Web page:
Commissioned by the Globe International Centre Non-Government Organization (NGO), the Independent Research Institute of Mongolia (IRIM) conducted a rapid evaluation of the ‘Transparency and Accountability in Mongolian Education’ (TAME) four year (2014-2018) project, which was implemented in 28 regular schools of 8 aimags in the Western and Central regions of Mongolia. The project objectives were to strengthen civic engagement in the education sector, and to improve transparency of budgeting and procurement processes for the delivery of better quality education services in Mongolia.

The research team of IRIM has conducted the rapid evaluation between October 2018 and January 2019 in order to examine the impact and contribution of the TAME project, and the local education sector’s transparency and accountability.

In total, 16 key informant interviews (KIIs), and 18 focus group discussions (FGDs) were conducted in six districts (soums) of two selected aimags, namely Khovd and Khuvsgul.

The findings of the rapid evaluation as follow:

  • Under the project, Parent and Teacher Association (PTA) was established to improve the quality of the training and the school environment based on the cooperation of parents and teachers in each target school. All stakeholders involved in the rapid evaluation were satisfied with the concept and benefits of the PTAs, and considered the established PTAs to be responsive to local communities’ demands. Outcomes of activities organized by the PTAs contributed to improvement of schools’ environments, and capacity building for parents.

More than 70% of PTAs’ members were parents, but (despite their high representation) parents’ involvement varied due to educational attainment, perceptions, attitudes and residential area.

  • By implementation of the ‘Good School Support Tool’ (GSST), a joint school team - including representatives of the PTAs - assessed the schools’ environments two or three times during the Project. The results of the schools’ assessments, revealed there were significance changes in schools’ physical environments. Another outcome was that parents and teachers were using their private resources to present their needs to local authorities, NGOs and other community organisations. Initiatives included promoting fundraising, and using resources to address issues identified in the schools’ environmental assessments. These actions strengthened stakeholders’ capacity and cooperation, to effectively build child-friendly schools.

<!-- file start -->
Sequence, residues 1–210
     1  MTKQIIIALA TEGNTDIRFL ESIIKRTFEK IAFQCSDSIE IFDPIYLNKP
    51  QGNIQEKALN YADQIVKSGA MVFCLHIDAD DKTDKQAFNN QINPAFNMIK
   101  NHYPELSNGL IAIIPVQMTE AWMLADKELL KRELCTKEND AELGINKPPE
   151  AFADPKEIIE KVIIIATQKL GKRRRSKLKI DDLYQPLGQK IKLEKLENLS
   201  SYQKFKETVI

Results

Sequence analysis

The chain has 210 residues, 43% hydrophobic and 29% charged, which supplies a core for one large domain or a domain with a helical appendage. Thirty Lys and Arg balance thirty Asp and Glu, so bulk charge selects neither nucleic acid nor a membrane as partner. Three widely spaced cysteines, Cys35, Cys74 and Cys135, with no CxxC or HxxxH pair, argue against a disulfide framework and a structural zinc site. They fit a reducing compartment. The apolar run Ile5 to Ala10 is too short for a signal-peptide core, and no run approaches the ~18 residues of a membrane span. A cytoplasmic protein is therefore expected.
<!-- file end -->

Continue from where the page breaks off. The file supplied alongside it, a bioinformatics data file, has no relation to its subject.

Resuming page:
• Another important project objective was to build and strengthen transparency and accountability for the aimag's education sector budget. By implementation of the ‘budget trust tool’ (BTT), there were noticed improvements in the knowledge and attitudes of the stakeholders, community and government, providing for increased budget transparency and more open discussions. Also, target CSOs’ capacity to monitor budget procurement and ensure transparency of budget planning have improved aside from their improved skills of using the BTT.

Beside positive outcomes mentioned above, there were still obstacles to budget transparency and accountability. Therefore, the following recommendations were provided to strengthen the capacity of the CSOs, schools and community members; and to prolong the use of the BTT.

To summarize, the project contributed to the establishment of a fundamental capacity of the stakeholders aimed at ensuring the transparency of education budget in the target area.

The research team was grateful to the stakeholders who provided inputs and influenced this document. The Team would like to express its gratitude to the Project team from the Globe International Centre, along with the ‘All for Education!’ National Civil Society Coalition, school principals, coordinators, teachers and parents; all of whom provided their generous support.